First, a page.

Thanks for all your help in creating a truly memorable holiday.Miss Spencer
Thanks for all your help in creating a truly memorable holiday.Miss Spencer
There are endless things to do in Australia – from snorkelling in the Great Barrier Reef to exploring cosmopolitan cities, from discovering Uluru and the surrounding sweeping plains to trekking through humid, tropical rainforest. Even then there are the natural landscapes of Tasmania – an island whose mineral formations have more in common with North America than the ‘mainland’. As there is so much to see and do in Australia, we have broken down the main attractions by region in this guide.
NSW is home to one of the most popular tourist destinations in the world – Sydney. This city is the entry point for most first-time visitors to Australia, and merits a few days to explore its major sights including the Sydney Harbour Bridge and Bondi beach.
Outside of the city the region has much to offer, including the Blue Mountains, the vineyards of Hunter Valley, Lord Howe Island and plenty of beautiful coastal towns.
Also known as the ‘Sunshine State’, Queensland has a tropical climate with countless superb beaches, pristine rainforest and the incredible Great Barrier Reef. Heron, Lizard and Hamilton Islands all offer the chance to stay out amongst the reef. Meanwhile, Cairns and Port Douglas are perfect for exploring the lush tropical north and the Daintree rainforest.
Roughly the size of the British Isles, Victoria offers unique and varied landscapes including sweeping coastlines, pristine beaches, national parks and forests. The capital, Melbourne, is a diverse cultural centre and is the starting point for one of the world’s most scenic drives – The Great Ocean Road. Explore the wildlife of Phillip Island, the beautiful Mornington Peninsula and the wine region of the Yarra Valley.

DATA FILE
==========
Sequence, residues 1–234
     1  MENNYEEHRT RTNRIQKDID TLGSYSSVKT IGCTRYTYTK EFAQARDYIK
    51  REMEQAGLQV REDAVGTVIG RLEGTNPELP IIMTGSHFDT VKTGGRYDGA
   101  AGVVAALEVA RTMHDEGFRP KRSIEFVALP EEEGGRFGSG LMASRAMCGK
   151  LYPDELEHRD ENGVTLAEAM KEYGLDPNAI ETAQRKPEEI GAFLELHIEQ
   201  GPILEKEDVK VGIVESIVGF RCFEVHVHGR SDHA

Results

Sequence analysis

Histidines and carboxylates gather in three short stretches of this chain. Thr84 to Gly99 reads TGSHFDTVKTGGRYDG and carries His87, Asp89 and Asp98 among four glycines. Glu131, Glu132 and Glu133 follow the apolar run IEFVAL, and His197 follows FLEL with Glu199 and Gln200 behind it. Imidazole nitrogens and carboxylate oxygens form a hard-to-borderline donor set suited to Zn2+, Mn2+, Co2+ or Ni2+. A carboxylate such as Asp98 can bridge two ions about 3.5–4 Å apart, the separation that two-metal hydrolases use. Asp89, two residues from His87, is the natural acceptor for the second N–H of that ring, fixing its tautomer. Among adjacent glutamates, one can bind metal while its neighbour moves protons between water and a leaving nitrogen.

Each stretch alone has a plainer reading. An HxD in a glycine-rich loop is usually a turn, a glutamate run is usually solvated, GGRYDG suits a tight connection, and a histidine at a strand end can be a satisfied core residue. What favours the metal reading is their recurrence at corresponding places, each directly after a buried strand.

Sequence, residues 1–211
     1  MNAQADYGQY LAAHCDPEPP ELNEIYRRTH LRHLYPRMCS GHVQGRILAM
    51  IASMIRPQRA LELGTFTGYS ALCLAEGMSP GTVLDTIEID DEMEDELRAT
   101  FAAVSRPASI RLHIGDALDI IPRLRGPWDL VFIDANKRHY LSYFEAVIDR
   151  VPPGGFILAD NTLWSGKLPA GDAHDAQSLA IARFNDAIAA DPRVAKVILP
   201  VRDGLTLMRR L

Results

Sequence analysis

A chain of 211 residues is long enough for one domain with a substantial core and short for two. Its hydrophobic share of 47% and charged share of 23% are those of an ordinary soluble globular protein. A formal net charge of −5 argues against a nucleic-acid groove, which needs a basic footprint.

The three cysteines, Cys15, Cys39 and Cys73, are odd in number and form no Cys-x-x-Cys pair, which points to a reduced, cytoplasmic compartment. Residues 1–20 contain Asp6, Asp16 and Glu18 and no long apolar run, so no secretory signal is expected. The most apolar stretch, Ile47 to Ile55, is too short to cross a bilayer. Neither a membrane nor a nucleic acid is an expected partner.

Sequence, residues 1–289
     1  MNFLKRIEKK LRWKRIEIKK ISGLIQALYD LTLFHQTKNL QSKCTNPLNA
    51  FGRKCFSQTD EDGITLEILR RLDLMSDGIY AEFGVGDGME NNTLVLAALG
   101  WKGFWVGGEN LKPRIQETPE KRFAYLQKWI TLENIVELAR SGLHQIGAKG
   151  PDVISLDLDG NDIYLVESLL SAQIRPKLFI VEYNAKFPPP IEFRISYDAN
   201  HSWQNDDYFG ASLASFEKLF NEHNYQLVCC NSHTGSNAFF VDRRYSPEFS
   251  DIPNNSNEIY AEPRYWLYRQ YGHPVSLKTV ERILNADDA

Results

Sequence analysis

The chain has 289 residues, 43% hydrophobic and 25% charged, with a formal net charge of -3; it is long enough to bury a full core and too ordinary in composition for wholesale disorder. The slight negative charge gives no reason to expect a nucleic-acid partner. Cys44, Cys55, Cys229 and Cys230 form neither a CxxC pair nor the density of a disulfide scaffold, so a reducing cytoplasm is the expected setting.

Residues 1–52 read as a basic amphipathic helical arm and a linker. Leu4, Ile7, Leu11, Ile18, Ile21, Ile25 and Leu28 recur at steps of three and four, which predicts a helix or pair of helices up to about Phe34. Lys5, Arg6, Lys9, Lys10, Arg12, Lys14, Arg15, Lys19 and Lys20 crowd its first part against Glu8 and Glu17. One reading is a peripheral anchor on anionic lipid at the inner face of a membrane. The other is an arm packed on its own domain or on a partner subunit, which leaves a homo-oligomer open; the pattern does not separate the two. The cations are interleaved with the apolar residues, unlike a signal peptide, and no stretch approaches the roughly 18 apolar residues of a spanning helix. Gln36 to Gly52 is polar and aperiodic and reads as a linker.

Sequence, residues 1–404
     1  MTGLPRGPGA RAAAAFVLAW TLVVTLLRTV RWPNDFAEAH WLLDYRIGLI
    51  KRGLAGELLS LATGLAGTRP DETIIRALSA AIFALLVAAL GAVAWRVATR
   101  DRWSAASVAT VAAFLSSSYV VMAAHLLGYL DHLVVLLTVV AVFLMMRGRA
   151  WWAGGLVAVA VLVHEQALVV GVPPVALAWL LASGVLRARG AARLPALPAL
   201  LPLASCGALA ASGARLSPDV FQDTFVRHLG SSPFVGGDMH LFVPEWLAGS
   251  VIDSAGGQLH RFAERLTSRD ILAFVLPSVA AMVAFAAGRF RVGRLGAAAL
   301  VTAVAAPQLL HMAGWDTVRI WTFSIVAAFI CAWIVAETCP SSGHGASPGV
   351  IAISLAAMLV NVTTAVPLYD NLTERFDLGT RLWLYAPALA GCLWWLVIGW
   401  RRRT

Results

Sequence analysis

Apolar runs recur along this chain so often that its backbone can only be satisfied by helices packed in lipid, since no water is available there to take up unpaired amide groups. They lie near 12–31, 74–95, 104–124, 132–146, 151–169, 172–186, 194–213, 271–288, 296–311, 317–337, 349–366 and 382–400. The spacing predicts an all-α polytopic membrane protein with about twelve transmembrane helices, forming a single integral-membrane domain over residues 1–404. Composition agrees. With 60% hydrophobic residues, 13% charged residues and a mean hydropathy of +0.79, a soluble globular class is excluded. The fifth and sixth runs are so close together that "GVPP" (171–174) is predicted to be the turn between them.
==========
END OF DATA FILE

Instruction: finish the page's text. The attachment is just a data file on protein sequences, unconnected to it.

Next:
The classic Australian outback landscapes and the famed Uluru (Ayers Rock) can be found in the Red Centre, reached from the town of Alice Springs. Little-visited are the tropical wetlands of the Top End. This vibrant area is home to many species of birds, flora and fauna, spectacular gorges and ancient rock carvings. The capital city, Darwin, is Australia’s closest city to the equator, and is the first or final stop for The Ghan train. The city is the starting point for visits to the Kakadu National Park and Aboriginal regions of Arnhem Land and the Tiwi Islands.
Sometimes overlooked by travellers, Western Australia has much to offer. Discover the rugged landscape of the Kimberley in the north, with fewer people per square kilometre than almost any other place on earth. Swim in the warm turquoise seas of the Indian Ocean off the Coral Coast, explore the Ningaloo reef in the north-west (and snorkel with the whale sharks), or drive to the vineyards, forests and beaches of the south-west.
South Australia boasts world-class wineries, scenic countryside, classic Australian outback scenery and excellent wildlife viewing. Uncover the cosmopolitan city of Adelaide, the vineyards of Barossa Valley and the wildlife of Kangaroo Island. Visitors to the north of the state can discover the opal-mining town of Coober Pedy – where more than half the population lives underground – and the mountainous Flinders Ranges.
Tasmania has some unique flora, with extremely diverse vegetation ranging from grasslands and eucalyptus forests to alpine heathlands. Much of the natural environment is protected in reserves, national parks, and world heritage sites, resulting in untouched wilderness areas that support an abundance of wildlife with some excellent hiking trails. The island has a fascinating penal history; more than 70,000 men, women and children were transported here in the early 1800s, and many of the towns and structures built during that time are still standing today.